formerly "The View From Up Here"

Formerly titled "The View From Up Here" this column began in the Liberty Gazette June 26, 2007.

Be sure to read your weekly Liberty Gazette newspaper, free to Liberty area residents!

March 28, 2017 Pajama Pilot

The Liberty Gazette
March 28, 2017
Ely Air Lines
By Mike Ely and Linda Street-Ely

Linda: Picture him, a slender, wide-eyed lieutenant, and mischievous grin flashing youthful pearly whites. It’s Saturday night on the island of Oahu and like any 23-year old he has dreams and aspirations. No different than any other person at any other time, this here-and-now is just that, and tomorrow is the next day on the calendar.

Maybe tonight he cruises Hotel Street and dines on Chow Mein at Wo Fat Chinese-American restaurant. Or perhaps our handsome lad is taking a special gal to the Varsity Theatre to see "The Great Lie", starring Bette Davis. If he has two quarters to rub together he could buy a ticket and Jitterbug the night away at the South Seas Club. If he has a bit more he might enjoy a sizzling steak with his buddies at Kemoo Farm - drinks and dancing included. Or perhaps he stays in the barracks there at Wheeler Field, although I have a harder time imagining a young fighter pilot sitting still, playing Bridge. I do have this idea though that on that balmy December night, Phil Rasmussen, the Phil Rasmussen I imagine from photos of the time, it seems more likely is out on the town, as was customary for soldiers on Saturday nights in the Aloha State.

Why do I think these things of someone I've never met, whose descendants I don't even know? It's all speculation, I admit, but when a man that age, a pilot with more testosterone in his body than fuel in his airplane is still asleep at a quarter to eight the next morning, the storyteller in me crafts the circumstances, and right or wrong I him picture sleeping more than an hour past sunrise because he was out late the night before. Also, I was 23 once.

But not at 23 nor at any age as of yet have I awakened to the ferocity of bombs, the threatening roar of a fleet of enemy airplanes dead-set on killing me and my countrymen.

These are the things to which Phil Rasmussen wakes. Reacting to the sight through his barracks window by strapping on his .45 caliber pistol over his purple silk pj's he runs outside to find an airplane the Japanese strafing might have missed. It’s a long shot, but he finds one - a P-36 Hawk.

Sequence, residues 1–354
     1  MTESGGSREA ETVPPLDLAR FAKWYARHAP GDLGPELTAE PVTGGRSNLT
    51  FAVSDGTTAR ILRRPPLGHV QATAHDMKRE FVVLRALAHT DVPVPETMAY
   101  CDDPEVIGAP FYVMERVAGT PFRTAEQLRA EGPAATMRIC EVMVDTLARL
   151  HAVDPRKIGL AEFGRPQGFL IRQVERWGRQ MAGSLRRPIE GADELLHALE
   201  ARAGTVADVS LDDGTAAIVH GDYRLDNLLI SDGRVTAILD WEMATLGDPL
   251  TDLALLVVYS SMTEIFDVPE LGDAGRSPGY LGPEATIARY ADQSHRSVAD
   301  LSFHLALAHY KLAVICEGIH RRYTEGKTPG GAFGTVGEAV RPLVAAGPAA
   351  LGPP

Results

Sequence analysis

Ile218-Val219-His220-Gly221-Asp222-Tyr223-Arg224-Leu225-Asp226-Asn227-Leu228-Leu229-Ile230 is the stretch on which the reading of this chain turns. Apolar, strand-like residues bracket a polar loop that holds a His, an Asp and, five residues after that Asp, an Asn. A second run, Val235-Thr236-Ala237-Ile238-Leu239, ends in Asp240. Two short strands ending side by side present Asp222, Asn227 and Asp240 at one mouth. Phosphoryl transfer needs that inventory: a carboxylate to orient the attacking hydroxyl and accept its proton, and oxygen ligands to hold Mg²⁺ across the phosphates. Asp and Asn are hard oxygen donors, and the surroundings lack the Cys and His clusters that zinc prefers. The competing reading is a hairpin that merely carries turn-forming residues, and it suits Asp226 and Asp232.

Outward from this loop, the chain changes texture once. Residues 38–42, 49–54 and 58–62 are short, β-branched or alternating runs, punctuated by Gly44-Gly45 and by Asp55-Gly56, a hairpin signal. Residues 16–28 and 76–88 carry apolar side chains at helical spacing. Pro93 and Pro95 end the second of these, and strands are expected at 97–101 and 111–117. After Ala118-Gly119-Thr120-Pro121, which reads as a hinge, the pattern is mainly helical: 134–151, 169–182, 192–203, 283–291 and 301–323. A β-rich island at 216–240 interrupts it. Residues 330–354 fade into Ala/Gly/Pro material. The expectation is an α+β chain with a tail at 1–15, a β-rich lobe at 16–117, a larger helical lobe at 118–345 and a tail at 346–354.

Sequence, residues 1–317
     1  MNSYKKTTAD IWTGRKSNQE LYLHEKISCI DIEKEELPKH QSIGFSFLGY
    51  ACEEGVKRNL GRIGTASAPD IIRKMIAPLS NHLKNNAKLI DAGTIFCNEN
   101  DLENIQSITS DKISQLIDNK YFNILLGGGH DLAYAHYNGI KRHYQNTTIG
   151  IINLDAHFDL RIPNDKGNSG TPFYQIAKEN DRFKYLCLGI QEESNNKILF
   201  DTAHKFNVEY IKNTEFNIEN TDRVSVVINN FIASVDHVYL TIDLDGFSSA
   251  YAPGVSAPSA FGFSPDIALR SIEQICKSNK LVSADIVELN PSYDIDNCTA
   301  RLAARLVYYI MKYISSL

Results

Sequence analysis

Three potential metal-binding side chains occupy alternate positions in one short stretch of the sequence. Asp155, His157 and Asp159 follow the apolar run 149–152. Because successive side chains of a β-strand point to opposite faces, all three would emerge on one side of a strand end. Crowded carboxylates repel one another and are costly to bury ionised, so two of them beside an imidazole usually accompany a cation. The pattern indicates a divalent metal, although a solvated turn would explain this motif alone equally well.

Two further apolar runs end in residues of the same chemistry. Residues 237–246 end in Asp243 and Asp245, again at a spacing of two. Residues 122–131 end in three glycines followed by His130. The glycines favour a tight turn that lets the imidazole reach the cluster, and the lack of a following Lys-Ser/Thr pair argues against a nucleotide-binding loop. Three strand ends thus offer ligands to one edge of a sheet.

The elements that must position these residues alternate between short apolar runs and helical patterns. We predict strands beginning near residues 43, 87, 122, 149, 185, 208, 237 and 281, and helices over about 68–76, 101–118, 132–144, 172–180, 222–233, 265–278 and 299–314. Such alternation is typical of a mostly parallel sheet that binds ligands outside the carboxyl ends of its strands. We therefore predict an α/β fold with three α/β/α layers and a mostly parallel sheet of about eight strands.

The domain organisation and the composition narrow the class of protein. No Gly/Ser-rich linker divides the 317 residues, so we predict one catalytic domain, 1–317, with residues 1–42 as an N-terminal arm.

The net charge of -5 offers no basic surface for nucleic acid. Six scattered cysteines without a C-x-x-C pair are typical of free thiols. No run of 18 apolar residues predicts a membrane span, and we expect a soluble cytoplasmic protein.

Taxiing over for a load of ammo for the .30 and .50 caliber mounted guns, in a brief lull in the attack Phil and three others take off to defend America, just them alone, while heavy damage cripples the rest of the air field.

Picture now Mr. and Mrs. Rasmussen’s son, seated in the cockpit in nothing but his jammies – and his .45. He hones in on a Zero. The mounted .30 jams. The .50 is all he's got. Be a fly on his shoulder as he executes with determination and strikes with skill and luck, sending the Zero down.

Still under attack by more Zeros see him now losing control of his damaged P-36 diving toward the cloud layer between him and the mountains. But exhale now and watch this pilot, this fighter, regain control and head back to Wheeler Field. Hold your breath again as he approaches to land, no brakes, no rudder control, no tail wheel, and for all that's been lost on the airplane, the one thing it's gained is about 500 bullet holes. You can't count them all but the number's a good estimate you agree as you watch the lieutenant dismount his Hawk a little older now, and you know that "The Pajama Pilot" is a badge of honor, a story of courage.